Wednesday, May 4, 2011

Valor Set in Stone: Monuments to the Iron Brigade at Gettysburg

Although there were several units in the Army of the Potomac that at one time or another were referred to an the “Iron Brigade” the “Iron Brigade of the West” composed of regiments from Wisconsin, Indiana and later Michigan was and is undoubtedly the most famous.  They fought bravely on many a civil war battlefield including Brawner’s Farm (August 28, 1862), South Mountain (September 14, 1862) Antietam (September 17, 1862), Fredericksburg, (December 13, 1862), Chancellorsville (May 1-3, 1863) and Gettysburg (July 1-3, 1863) amongst others.
According to Fox’s Regimental Losses “In proportion to its numbers this brigade sustained the heaviest loss of any in the war.  At Manassas (Brawner’s Farm), under command of General Gibbon, the first four regiments named (2nd, 6th, 7th Wisconsin & 19th Indiana) lost 148 killed, 626 wounded, and 120 missing; total, 894, out of about 2,000 engaged. At Gettysburg, General Meredith commanding, the five regiments were engaged, losing 162 killed, 724 wounded, and 267 missing; a total of 1,153 casualties, out of 1,883 engaged, or 61 per cent. Most of the missing at Gettysburg were killed or wounded. “
The brigade was organized in September 1861 when the Wisconsin and Indiana units were combined under the command of Brigadier General Rufus King as part of the Major General Irvin McDowell’s I Corp, Army of the Potomac.  In May 1862 King was replaced as commander of the brigade by Brigadier General John Gibbon and in June it was assigned to Major General John Pope’s Army of Virginia.  The troops first saw the elephant at Brawner’s Farm in August 1862  and in less than 3 weeks, after being transferred back to the Army of the Potomac as the 4th Brigade, 1st Division, 1st Corps., were also heavily engaged at South Mountain (in taking Turner’s Gap) and Antietam (along the Hagerstown Pike and in the cornfield).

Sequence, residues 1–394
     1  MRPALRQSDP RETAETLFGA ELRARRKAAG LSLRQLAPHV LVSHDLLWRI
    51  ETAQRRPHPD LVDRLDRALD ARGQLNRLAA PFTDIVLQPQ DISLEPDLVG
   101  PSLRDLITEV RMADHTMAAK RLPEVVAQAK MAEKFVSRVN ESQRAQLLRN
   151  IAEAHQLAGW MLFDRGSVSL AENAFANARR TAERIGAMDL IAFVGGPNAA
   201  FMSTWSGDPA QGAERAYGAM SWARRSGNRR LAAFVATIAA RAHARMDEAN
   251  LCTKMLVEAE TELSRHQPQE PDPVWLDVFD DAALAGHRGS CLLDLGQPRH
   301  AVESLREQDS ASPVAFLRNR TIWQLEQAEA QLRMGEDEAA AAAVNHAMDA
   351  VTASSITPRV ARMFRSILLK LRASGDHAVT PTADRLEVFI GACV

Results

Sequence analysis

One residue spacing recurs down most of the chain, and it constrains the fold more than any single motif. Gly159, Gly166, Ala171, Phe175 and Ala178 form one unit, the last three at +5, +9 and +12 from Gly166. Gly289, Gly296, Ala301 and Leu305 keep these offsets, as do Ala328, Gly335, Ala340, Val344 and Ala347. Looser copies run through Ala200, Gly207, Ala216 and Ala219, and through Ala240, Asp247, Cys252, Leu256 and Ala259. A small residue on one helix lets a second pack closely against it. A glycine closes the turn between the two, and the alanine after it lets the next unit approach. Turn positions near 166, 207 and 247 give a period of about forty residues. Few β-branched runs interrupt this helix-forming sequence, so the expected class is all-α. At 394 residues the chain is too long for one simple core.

In October 1862 the 24th Michigan was added to the depleted ranks of the Iron Brigade and in late November Gibbon was replaced as brigade commander by Brigadier General Solomon Meredith.  The brigade saw limited action at the Battles of Fredericksburg and Chancellorsville but were heavily engaged at Gettysburg. 
At Gettysburg the Iron Brigade was attached to the I Corps. Army of the Potomac commanded by Major General John F. Reynolds.  The brigade fought on McPherson’s and Seminary Ridge on both sides of the Chambersburg Pike during July 1, 1863 when they came to the support of  Major General John Buford’s dismounted cavalry.
Today there are  five striking  monuments honoring the valor and sacrifice of the Iron Brigade at Gettysburg.  

                                7th Wisconsin Volunteer Infantry Monument, Meredith Ave., Reynolds Woods

                            2nd Wisconsin Volunteer Infantry Monument, Meredith Ave., Reynolds Woods

                           24th Michigan Volunteer infantry Monument, Meredith Ave., Reynolds Woods

Four of these monuments, including one to the 19th Indiana which I do not have a photograph of,  are located in Reynolds Woods and along Meredith Avenue south of the Chamberbsburg Pike in an area that is not on the main battlefield auto tour route.  It is worth the detour to get off the beaten path and see them however.   

                                            6th Wisconsin Volunteer Infantry Monument, North Reynolds Ave.

The 5th monument dedicated to the 2nd Wisconsin Volunteer Infantry is east of Reynolds Avenue and southeast of the railroad cut on the main auto tour route. 

1 comment:

  1. Love the post. The Iron Brigade saved the AOP on the first day, crushing Archer's brigade, taking the RR cut, the valiant stand on Seminary Ridge, and then going to Culp's Hill.